India General Service Medal, 1854, bar Burma 1889-92, Lieut W. B. Lauder C.B. C.M.G., 1st Devon Regiment, later Colonel awarded the CMG in 1918 as Chief Paymaster at the War Office and Office in Charge of all RAPC Records.
Officially engraved in script: “Lieut. W. B. Lauder. 2nd Bn Devon Regt” Minor official correction to “au” in Surname.
Provenance, ex Collection of Brigadier Brian Parritt, C.B.E., DNW 27th June 2007.
Colonel William Bernard Lauder, born on 26th June 1864, began his long and distinguished Military career as a Field Officer with the Devonshire Regiment. He was educated at Sandhurst and entered the Deovnshire Regiment as Lieutenant on 10th November 1886, he was with the regiment soon afterwards when he earned this medal and bar in Burma from 1889-92.
Afterwards he transferred to the Ordnance Store Department from 1894-96, joining the Army Pay Department in June 1896, shortly after becoming Paymaster at Portsmouth.
As he got older he later specialised as an Accountant joining the Royal Army Pay Corps permanently during 1901, then joining the Army Accounts Department when it was first established during 1905. He had been promoted Major and Staff Paymaster in 1903 followed by Lieutenant Colonel in 1908.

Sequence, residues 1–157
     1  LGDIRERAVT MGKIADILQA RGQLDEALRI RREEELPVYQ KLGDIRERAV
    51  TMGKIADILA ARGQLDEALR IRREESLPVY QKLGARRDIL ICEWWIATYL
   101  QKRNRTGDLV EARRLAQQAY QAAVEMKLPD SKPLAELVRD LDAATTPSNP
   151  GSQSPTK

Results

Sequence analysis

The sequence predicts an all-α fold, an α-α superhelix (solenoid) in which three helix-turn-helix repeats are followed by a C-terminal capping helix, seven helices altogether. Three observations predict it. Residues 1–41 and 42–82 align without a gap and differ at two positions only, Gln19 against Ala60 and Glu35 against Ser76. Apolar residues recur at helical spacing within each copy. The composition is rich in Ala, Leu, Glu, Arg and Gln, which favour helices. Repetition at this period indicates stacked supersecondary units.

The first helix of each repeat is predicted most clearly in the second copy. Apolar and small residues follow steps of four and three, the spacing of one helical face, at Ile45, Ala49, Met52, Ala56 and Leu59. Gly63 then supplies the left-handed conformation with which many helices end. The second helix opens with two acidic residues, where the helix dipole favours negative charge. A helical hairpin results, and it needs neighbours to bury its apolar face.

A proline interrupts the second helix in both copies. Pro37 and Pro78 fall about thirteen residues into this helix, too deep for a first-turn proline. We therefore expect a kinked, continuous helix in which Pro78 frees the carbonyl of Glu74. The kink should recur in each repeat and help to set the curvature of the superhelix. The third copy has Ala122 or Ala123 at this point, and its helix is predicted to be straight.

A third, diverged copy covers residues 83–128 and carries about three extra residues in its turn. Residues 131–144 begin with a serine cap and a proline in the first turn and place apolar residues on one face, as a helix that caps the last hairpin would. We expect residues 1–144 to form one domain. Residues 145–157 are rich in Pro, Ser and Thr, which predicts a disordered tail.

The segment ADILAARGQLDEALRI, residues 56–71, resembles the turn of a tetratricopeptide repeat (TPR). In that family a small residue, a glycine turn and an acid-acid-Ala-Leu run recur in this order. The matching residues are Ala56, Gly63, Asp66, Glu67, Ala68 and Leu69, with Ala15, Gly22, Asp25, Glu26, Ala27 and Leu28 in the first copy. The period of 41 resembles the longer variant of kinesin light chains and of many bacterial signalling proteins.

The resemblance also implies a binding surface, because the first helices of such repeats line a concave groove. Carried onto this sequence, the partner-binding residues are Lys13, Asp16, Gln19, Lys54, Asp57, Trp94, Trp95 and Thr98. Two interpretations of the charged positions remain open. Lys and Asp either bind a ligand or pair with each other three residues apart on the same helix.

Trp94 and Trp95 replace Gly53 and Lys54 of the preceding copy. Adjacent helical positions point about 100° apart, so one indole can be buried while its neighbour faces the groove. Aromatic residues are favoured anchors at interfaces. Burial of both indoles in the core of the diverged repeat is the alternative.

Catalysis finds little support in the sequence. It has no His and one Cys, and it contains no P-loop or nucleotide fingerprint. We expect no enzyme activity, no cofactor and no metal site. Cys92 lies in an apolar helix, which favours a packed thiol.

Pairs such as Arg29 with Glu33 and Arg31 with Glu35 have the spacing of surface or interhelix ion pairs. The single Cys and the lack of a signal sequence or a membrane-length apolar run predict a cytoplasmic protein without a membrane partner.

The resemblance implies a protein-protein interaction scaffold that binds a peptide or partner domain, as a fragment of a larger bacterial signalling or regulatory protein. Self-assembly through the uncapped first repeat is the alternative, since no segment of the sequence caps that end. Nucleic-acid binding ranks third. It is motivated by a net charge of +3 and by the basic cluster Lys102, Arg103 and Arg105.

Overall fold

During WW1, he served at home and was appointed the Brevet of Colonel during February 1915 and was appointed to the role of Chief Paymaster at Hounslow.
He rose to the full rank of Colonel as was popular around London, He was awarded the Companion of the Order of St Michael and St George in the King’s Birthday Honours during 1918.
In 1924, whilst he was Chief Paymaster and Offer in Charge of all Royal Army Pay Corps Records at the War Office, he was awarded a Companion of the Order of the Bath, in the 1924 King’s Birthday Honours.
With a Military career spanning almost 40 years, he did not appear interested in retirement, he died in his role as Chief Paymaster in September 1924.
He had also become a prominent member of the Theosophical Society and was an early pioneer of Co-Freemasonry. His wife Evelyn was also a popular Theosophical Poet and was a Senior Deacon.
When the Theosophical Society was struck by a scandal during 1906, one of their leading members Leadbeater resigned from the Society, when followed by the early 1920s when James Ingall Wedgwood was accused of indecent activity, this lead to a number of documents being produced of evidence titled “The Gauntlett Statement”, “The Farrer Confession”, “The Martyn Letter”.
All these documents are still available to view, but Colonel Lauder was approached by many eminent society members to conduct a full investigation of Wedgwood and his Clergy. When he completed the “Lauder Report”, the document conveniently disappeared and no one knows what it truly contained.